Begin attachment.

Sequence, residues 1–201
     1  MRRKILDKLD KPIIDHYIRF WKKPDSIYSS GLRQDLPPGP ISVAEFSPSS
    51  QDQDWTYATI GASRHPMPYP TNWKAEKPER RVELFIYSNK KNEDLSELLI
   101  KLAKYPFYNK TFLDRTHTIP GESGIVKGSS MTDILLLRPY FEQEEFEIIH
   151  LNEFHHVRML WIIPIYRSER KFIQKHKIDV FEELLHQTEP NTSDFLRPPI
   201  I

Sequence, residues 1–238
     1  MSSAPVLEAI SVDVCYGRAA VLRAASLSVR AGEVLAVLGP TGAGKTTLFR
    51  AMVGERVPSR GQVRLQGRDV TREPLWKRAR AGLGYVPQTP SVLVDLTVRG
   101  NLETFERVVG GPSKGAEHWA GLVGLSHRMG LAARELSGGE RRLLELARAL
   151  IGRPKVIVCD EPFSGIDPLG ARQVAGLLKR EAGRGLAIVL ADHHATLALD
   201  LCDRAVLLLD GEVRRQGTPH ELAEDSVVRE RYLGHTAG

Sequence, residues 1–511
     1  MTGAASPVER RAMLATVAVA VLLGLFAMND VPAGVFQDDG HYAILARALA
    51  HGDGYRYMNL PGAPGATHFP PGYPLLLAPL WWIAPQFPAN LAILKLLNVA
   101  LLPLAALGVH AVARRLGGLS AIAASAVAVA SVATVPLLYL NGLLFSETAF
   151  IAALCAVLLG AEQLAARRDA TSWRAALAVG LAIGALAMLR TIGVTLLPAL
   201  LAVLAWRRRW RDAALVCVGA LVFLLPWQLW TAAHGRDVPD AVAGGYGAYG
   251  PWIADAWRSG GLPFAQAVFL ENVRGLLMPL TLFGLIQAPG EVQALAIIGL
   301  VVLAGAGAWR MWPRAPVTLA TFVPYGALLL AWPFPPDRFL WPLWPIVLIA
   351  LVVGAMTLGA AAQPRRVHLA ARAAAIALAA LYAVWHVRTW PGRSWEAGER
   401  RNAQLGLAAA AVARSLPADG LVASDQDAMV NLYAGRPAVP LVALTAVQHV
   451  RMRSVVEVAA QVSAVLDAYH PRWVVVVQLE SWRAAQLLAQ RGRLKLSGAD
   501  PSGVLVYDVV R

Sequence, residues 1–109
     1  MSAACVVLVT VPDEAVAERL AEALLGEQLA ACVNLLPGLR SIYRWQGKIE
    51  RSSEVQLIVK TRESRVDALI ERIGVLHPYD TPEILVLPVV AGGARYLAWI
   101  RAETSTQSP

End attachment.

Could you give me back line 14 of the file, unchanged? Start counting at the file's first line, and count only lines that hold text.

     1  MTGAASPVER RAMLATVAVA VLLGLFAMND VPAGVFQDDG HYAILARALA